French Guiana is an overseas region and department of France, and it is therefore governed by similar government institutions as those found in French mainland. Cayenne serves as French Guiana’s capital. The first European to dock in French Guiana was Christopher Columbus who found native communities. The Italians initially wanted to occupy the region after which the Dutch and French contested. The early French settlers faced hostility and succumbed to tropical diseases. The arrival of African slaves facilitated the establishment of plantations and triggered the development of French Guiana. The discovery of gold in 1853 created border disputes with Suriname and Brazil which were subsequently settled. The territory was declared an overseas region of France on March 19, 1946, although they have been calls for autonomy. The 2010 referendum saw the citizens voting against independence.
The Prefect Of French Guiana
French Guiana’s chief of state is the President of France who appoints a prefect to represent head the region. The prefect resides at the prefecture building situated in Cayenne. The Prefect handles various duties as the representative of the state in the local government. The prefect ensures that police and gendarmerie forces coordinate effectively, handles major crises, and determines emergency defense procedures. The prefect further oversees relief operations and decides when to evacuate zones at risk from natural disasters. He/she is responsible for legal documents including driving licenses, passports, identity cards, and immigration documents.
General And Regional Councils Of French Guiana
The General Council is one of French Guiana’s executive bodies. 19 members sit in the institution for six-year terms after being elected by popular vote. The council is headed by a President. A further 31 members are elected to the Regional Council for six-year terms, and it is also headed by a President.
Politics In French Guiana
The territory’s politics features the Guianese Socialist Party as the key player, and it maintains close links with the Socialist Party in France. The Guianese Party has 29 seats in the Regional Council and three in the General Council. French Guiana is represented by two elected senators in the French Senate. The current ones are from the Guianese Socialist Party namely Jean-Étienne Antoinette and Georges Patient. Other parties which feature in Guiana’s politics are the Union for a Popular Movement which has seven seats in the Regional Council and three in the General Councils and Walwari which has one member in the General Council and seven in the Regional Council. French Guiana is represented by two deputies in the National Assembly of France.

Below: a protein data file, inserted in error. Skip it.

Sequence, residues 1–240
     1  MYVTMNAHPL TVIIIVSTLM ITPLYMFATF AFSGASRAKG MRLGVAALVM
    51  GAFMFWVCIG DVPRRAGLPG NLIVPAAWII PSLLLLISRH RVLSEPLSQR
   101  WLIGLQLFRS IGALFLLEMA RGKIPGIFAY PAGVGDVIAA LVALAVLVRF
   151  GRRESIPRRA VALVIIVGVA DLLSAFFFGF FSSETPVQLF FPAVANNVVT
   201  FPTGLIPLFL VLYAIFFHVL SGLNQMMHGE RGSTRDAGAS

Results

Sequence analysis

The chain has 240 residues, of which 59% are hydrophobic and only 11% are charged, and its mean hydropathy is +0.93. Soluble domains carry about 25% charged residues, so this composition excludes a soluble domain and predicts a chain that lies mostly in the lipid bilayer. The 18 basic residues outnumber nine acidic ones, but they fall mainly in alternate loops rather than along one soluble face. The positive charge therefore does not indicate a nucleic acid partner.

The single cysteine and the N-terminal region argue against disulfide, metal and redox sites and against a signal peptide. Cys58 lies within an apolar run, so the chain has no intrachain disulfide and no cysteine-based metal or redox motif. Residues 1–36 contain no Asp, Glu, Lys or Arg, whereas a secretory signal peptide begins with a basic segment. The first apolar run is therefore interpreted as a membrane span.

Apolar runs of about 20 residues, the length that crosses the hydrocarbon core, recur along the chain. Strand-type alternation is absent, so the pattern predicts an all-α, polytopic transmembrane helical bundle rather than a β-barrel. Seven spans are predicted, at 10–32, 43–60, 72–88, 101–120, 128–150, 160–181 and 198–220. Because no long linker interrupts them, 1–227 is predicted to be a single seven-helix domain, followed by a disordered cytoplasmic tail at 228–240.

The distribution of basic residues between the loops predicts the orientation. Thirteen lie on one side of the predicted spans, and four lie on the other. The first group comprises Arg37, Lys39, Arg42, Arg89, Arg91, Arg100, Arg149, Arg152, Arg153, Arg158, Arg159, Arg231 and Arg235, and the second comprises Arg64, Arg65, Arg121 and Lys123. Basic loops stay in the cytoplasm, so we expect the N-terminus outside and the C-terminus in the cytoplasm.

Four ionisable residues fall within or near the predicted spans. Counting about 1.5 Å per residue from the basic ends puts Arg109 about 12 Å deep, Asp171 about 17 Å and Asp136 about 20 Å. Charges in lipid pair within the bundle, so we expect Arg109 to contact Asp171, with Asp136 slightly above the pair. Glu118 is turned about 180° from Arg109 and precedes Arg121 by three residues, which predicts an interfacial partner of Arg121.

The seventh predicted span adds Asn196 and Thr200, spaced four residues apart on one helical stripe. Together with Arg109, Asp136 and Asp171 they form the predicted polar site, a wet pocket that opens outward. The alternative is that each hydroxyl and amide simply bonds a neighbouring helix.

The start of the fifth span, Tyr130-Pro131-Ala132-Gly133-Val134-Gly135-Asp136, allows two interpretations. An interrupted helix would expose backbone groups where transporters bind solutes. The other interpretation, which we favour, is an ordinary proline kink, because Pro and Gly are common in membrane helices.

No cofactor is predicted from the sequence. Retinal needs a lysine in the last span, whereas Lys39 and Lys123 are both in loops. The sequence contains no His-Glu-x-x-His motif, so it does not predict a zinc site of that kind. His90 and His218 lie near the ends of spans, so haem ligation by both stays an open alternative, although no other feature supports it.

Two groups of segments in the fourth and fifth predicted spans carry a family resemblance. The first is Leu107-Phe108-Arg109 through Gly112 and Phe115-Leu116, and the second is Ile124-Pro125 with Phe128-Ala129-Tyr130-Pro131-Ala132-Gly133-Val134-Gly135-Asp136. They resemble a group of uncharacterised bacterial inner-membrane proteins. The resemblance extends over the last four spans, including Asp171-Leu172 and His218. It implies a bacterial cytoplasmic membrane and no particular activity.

Problems Facing The Government of French Guiana
The government of French Guiana has been trying to deal with the influx of illegal immigrants as well as illicit gold prospectors from Suriname and Brazil. The Maroni River serves as the boundary between Suriname and the territory, and it courses through rainforest making it hard for security forces to patrol. The French government has implemented numerous phases to deal with the problem of illegal mining in the region. Such phases include Operation Anaconda (2003), Operation Harpie (2008), and Operation Harpie Reinforce (2010). These operations prove to be temporarily successful since the end of one operation is followed by the return of Brazilian miners.